McDonald’s Corp: 1 Top Dividend Stock for Buy-and-Hold Investors
Buy-and-Hold Investors Should Consider These Top Dividend Stocks
If you’re looking for top dividend stocks to possibly buy and hold, then you need to pay attention to two of the most important numbers in business: 80 and 20.
The 80/20 rule, also known as the Pareto principle, says 80% of the results come from 20% of the causes.
In the world of business, smart companies exploit this effect by zeroing in on the smallest, most lucrative parts of their sector. Then they make their investors rich by exploiting the most profitable 20% of activities, leaving the hard work to others.
Many top dividend stocks adhere to this rule. Apple Inc. (NASDAQ:AAPL) designs and markets electronics, contracting out capital-intensive, low-return activities like manufacturing. PepsiCo, Inc. (NASDAQ:PEP) collects royalties by selling syrup for soft drinks, then leaves the task of bottling and retail to partners. Intel Corporation (NASDAQ:INTC) works only in the most lucrative part of the personal computer business: designing and manufacturing semiconductors.
Another case in point: McDonald’s Corp (NYSE:MCD). The fast-food chain started out as a single restaurant in San Bernardino, California. Today the business has grown to almost 38,000 locations worldwide, serving everything from hamburgers and french fries to milkshakes and soft drinks.
But here is where things get interesting. Most people assume that McDonald’s makes its money from fast food sales at restaurants. In fact, the company only owns a handful of the locations. Instead, corporate management contracts out the job of actually running storefronts, collecting royalties on the sale of each meal.
This makes a lot of sense when you think about it. Owning a restaurant represents a poor investment risk. New locations are costly to build and competition keeps margins tight. That explains why the industry has a failure rate far worse than other industries.
To get around this problem, McDonald’s cherry-picks the most profitable part of the restaurant business: branding and marketing. In other words, the 20% of the business that generates 80% of the profits. The rest, management leaves to its partners, who have to bear most of the costs of building and running the company’s stores.
You can see the profitability of this arrangement in McDonald’s Corp’s financial results. Last year, the company’s gross margins topped 51%. Since 2009, the company has generated $0.21 in average annual profit on every dollar of capital invested into the business. I can only list a handful of top dividend stocks in the world that profitable.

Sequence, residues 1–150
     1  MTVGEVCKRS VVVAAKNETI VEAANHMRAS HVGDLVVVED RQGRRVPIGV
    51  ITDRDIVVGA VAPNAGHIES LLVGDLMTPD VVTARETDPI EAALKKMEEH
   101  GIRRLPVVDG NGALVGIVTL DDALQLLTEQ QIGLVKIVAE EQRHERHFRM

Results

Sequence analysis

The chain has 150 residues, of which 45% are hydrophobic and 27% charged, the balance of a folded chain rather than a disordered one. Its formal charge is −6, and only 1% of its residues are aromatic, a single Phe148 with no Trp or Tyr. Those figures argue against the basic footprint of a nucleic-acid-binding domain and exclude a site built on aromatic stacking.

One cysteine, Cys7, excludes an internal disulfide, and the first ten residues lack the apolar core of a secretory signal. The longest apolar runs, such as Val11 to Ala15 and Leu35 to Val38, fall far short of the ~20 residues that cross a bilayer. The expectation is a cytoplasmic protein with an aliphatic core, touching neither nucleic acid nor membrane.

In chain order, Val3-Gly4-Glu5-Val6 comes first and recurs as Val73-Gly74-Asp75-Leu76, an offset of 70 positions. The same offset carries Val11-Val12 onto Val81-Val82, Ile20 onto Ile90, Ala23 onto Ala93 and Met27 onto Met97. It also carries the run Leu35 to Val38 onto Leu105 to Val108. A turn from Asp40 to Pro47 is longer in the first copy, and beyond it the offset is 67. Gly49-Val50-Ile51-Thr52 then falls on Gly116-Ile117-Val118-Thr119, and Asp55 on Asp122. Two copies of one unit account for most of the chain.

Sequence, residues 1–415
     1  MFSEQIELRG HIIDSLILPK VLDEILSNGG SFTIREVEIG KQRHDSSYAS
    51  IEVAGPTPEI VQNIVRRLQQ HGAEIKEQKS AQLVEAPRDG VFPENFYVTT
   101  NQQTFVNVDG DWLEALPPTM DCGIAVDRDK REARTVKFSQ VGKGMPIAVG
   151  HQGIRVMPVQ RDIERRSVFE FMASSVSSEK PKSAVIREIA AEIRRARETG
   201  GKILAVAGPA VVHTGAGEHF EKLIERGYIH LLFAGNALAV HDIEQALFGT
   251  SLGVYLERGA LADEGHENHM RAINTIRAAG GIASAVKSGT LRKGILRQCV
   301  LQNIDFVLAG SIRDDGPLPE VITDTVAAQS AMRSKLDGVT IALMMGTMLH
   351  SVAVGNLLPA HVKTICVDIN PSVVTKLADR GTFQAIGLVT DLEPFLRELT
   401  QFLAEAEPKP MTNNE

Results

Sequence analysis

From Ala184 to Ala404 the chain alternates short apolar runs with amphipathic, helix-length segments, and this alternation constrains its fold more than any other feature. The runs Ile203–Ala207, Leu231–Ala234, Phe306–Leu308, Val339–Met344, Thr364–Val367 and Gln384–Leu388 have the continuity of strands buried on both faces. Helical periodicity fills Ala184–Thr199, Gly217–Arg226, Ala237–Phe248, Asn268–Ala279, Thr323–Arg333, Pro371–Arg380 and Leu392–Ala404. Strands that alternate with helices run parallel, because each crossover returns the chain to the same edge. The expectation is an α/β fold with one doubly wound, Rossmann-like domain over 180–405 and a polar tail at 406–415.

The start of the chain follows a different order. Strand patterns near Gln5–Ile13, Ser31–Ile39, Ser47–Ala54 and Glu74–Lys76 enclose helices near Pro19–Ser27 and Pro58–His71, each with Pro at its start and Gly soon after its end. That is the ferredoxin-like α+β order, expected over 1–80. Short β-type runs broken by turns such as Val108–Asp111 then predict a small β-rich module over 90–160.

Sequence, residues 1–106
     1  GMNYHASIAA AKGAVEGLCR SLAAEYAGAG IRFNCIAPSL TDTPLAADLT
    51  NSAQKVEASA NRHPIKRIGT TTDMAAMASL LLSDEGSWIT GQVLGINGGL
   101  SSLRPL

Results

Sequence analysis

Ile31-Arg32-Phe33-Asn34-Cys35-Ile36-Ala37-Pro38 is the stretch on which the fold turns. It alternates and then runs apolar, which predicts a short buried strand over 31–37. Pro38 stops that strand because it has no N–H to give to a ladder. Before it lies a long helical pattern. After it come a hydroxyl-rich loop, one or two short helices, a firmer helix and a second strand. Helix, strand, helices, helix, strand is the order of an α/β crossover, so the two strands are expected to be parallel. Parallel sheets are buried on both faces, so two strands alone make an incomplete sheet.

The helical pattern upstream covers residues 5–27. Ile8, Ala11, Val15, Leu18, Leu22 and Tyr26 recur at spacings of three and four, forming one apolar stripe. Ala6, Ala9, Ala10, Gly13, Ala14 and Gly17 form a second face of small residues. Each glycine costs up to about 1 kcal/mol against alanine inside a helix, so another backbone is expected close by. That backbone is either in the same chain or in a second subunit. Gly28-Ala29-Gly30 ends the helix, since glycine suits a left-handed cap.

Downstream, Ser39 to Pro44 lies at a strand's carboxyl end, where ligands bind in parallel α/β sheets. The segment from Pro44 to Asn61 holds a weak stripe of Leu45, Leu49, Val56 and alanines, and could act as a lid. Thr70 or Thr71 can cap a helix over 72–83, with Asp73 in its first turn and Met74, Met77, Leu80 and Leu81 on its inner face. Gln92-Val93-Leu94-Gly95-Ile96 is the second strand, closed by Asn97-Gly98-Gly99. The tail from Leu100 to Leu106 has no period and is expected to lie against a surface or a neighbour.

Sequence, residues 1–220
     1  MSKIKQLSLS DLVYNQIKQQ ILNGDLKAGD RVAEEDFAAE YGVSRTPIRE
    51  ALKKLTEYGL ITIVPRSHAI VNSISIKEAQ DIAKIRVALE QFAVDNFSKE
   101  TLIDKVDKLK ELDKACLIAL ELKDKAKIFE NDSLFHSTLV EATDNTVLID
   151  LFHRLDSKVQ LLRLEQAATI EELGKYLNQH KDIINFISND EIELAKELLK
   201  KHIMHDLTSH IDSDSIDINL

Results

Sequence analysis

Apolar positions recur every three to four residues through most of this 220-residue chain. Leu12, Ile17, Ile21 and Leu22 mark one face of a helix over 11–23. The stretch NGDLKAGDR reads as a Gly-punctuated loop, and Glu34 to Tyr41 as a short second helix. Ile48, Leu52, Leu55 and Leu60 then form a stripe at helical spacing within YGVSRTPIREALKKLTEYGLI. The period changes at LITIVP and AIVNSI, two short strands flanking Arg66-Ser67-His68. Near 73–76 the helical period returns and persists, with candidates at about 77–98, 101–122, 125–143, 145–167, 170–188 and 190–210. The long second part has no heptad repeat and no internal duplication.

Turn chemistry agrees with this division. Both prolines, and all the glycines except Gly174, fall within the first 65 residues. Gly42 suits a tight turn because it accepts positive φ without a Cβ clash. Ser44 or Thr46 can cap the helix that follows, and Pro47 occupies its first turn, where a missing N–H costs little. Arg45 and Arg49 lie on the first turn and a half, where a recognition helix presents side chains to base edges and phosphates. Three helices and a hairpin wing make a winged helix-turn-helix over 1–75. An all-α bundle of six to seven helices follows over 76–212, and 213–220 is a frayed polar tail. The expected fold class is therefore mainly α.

So where does all this money go? Shareholders. McDonald’s Corp has about tripled the size of its dividend since 2009. “Dividend History,” McDonald’s Corp, last accessed July 12, 2019.)
Over the past five years, McDonald’s has spent $46.3 billion in combined dividends and stock buybacks. (Source: “McDonald’s Corp.,” MarketWatch, last accessed July 12, 2019.)
And as you can see in the below stock chart, McDonald’s shareholders have cashed in. Since late 2009, Coca-Cola stock has delivered a total return, including dividends, of 407%. That beats the pants off the gain from the broader S&P 500, with much less risk.
Chart courtesy of StockCharts.com
If you think about it, the benefits of buying an 80/20 business are obvious.
Take two stocks in the same industry. One company has to front the expense of properties, plants, and equipment. The other structures itself as a royalty firm with zero capital costs.
Over the long haul, which firm do you think is most likely to have rewarded its shareholders better? The answer, of course, is the company that has figured out the concept of 80/20.
McDonald’s Corp presents a textbook example. By focusing on only the most profitable part of the fast food business, the company enjoys 80% of the industry’s profits while fronting only 20% of the capital. That makes this one top dividend stock for buy-and-hold investors to consider.